Monday, October 17, 2005

BBC Tortures Truth

Radio 2's flagship 'Jeremy Vine Show' rose to the occasion again today: a top-of-the-program segment based entirely on an outrageous sleight of hand. The whole segment was predicated on the idea that the Law Lords were considering whether evidence obtained by torture should be admissible in court. Of course, this is a serious matter, but as such it deserved better than The Jeremy’s trademark agonised moralising.

The Jeremy ran through the whole playbook. There was the contention stated as fact: ‘is there anyone, anywhere who thinks torture is justified ?’, the sneer quote: ‘so-called war on terror’, the absurd hypothetical: ‘what if someone being tortured in Algeria suddenly names you as a terrorist ?‘ and, of course, the vague hints of racial prejudice ‘[should the authorities] torture people who look a bit shifty’ ?

Lest such subtle hints pass you by, we also had interview with a guy who’d sampled Saudi hospitality. The casual listener could have been forgiven for thinking HMG wanted to install thumbscrews in their local Police station. It’s only when you actually look at the case in question that you see the flaw in The Jeremy’s cunning plan. Here’s the opening line:

The Law Lords are deciding whether Britain can use evidence against terror suspects that may have been obtained by torture in other countries.

Ah yes. Note that reference to the fifth month of the year. Even the BBC can’t claim the evidence was obtained by torture. Despite the absurd reference to the Saudis, the evidence in question was obtained from Gitmo. Yep – the very place where you can’t move for lawyers, Red Cross personnel, activist trash and other oxygen thieves. Despite all that, the evidence for torture at Gitmo is positively anorexic – unless you set the bar so low, the average headmaster is guilty if he schedules double maths on a sunny afternoon. That’s the thing the BBC would rather you didn’t know.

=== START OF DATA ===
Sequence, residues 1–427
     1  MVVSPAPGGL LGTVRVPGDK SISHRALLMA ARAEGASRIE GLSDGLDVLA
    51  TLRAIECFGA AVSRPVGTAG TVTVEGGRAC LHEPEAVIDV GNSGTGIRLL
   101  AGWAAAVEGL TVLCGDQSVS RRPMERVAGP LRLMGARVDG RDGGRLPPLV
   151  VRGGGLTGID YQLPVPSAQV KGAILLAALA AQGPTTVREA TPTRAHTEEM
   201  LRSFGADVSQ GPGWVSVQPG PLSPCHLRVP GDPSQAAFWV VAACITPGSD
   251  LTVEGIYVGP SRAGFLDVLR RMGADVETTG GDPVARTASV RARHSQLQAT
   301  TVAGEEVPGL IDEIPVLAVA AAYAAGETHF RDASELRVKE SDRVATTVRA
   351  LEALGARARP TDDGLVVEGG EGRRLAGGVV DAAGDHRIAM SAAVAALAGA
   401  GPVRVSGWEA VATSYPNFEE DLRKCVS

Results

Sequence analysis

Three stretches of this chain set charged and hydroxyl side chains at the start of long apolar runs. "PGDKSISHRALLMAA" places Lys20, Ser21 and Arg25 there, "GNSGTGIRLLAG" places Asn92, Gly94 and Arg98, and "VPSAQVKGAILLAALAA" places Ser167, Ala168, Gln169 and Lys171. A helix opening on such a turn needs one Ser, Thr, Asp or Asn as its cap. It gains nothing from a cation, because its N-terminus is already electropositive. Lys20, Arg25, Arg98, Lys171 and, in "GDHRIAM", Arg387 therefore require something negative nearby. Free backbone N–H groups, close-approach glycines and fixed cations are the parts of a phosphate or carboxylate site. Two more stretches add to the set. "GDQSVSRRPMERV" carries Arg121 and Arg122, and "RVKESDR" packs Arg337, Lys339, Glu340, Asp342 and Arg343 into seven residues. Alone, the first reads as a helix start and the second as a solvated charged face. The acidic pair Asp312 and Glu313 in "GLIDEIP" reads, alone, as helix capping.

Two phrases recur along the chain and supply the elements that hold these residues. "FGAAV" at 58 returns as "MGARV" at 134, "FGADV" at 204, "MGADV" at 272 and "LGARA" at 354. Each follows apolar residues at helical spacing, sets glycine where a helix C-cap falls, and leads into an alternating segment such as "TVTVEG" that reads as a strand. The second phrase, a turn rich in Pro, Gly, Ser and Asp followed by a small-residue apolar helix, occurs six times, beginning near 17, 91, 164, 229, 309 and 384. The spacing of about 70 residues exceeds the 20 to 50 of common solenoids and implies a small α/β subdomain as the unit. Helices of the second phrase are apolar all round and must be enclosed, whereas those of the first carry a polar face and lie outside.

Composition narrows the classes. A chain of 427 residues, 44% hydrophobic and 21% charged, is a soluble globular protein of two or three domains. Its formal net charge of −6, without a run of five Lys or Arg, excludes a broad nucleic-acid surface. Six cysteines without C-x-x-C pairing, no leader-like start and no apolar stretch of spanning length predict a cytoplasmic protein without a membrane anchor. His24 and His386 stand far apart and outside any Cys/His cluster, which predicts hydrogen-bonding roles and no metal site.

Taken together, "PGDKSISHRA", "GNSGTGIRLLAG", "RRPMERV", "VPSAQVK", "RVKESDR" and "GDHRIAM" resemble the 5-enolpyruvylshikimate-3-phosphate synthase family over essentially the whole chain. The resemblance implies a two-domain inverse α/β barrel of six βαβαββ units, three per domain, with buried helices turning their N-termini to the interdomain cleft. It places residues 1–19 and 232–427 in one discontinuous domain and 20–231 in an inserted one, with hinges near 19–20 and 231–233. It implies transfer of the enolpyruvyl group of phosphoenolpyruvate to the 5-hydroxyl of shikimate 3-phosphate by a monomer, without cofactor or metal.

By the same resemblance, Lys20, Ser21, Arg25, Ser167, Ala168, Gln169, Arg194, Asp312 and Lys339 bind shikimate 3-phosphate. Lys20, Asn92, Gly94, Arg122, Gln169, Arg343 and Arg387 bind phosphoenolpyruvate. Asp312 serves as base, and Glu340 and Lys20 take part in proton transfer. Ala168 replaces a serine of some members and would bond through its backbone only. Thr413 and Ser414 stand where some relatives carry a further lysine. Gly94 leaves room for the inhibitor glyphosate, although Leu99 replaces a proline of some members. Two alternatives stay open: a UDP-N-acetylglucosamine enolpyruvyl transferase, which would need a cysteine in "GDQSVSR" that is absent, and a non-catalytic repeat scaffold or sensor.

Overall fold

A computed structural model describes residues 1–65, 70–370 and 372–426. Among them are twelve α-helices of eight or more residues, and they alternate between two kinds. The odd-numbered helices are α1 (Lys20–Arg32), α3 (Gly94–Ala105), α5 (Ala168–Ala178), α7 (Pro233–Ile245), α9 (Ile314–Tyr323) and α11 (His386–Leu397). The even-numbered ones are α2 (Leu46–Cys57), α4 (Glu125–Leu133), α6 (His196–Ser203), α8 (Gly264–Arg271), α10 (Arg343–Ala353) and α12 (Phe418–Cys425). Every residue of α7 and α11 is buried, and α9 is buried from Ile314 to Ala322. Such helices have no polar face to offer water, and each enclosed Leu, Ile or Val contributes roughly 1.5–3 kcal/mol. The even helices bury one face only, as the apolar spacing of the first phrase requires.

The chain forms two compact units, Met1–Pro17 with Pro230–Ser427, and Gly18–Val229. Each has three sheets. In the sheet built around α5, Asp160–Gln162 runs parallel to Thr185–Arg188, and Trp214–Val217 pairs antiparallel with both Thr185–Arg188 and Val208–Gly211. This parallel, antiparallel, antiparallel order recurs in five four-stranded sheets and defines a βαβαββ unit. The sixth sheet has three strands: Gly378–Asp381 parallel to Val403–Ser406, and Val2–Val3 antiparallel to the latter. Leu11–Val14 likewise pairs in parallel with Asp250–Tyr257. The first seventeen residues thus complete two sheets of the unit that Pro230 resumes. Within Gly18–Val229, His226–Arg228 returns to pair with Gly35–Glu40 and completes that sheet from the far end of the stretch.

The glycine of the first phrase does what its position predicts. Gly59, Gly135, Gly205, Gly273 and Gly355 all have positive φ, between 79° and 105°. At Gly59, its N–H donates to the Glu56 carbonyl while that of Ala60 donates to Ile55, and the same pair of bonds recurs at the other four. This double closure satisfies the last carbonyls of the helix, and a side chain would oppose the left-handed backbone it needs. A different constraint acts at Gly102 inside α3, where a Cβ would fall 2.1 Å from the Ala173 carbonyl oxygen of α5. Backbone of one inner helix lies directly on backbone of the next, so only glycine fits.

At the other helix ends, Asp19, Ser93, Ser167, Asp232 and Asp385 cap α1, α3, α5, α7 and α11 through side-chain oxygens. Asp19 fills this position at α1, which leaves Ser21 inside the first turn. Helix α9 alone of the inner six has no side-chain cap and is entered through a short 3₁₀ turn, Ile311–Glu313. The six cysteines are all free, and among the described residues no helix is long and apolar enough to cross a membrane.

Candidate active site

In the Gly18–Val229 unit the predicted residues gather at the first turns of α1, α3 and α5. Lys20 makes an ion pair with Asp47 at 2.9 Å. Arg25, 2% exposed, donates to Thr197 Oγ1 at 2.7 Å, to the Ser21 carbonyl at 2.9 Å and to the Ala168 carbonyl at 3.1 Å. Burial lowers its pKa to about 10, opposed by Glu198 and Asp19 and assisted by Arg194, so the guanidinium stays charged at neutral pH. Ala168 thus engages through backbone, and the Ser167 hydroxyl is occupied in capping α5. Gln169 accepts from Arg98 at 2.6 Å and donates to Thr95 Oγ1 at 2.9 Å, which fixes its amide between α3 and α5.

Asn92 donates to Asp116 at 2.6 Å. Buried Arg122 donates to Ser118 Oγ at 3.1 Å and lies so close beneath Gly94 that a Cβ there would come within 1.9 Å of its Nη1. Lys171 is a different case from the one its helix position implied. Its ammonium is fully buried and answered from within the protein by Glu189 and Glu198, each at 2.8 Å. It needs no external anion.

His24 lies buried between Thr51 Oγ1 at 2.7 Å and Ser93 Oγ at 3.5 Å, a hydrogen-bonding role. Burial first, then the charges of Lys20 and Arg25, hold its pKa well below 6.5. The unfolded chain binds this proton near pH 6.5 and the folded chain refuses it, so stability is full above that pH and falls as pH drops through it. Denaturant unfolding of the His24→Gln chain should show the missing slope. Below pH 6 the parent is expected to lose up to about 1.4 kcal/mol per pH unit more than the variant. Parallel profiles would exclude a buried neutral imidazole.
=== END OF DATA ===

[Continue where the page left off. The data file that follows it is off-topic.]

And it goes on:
What’s at stake here is whether evidence obtained under interrogation should be excluded if there is any possibility that it could have been obtained by torture. I believe the term for this is ‘blank cheque’. There’s not a jurisdiction on the planet so saintly that a lawyer can not cook up some atrocity stories – particularly so in the post-Gitmo era of defining torture down. To put it another way, should evidence obtained by Ruud Van Driver of the Amsterdam Police be ruled inadmissible merely because it could have been obtained by torture ?

The likely public appeal of this idea can be judged by the Left’s continuous babbling about Riyadh torture chambers and the like. When Liberals are angry, but won’t talk about the specifics, that usually means they’re up to no good. Ditto, the Leftist claim that their position is self-evidently moral must be judged against their determination to recast this case a human rights issue, and so in the sphere of the courts, rather than anyone actually accountable to the public.

Like I said at the top, there are serious questions to be asked about the use of torture, but the Left isn’t asking them. This case is an outrageous attempt to hobble counter-terrorism by conjuring up new rights out of thin air, Liberals are lying about it and the BBC’s covering for them. As ever, we find that the BBC is the only broadcaster in history that doesn’t want to report the news.

No comments: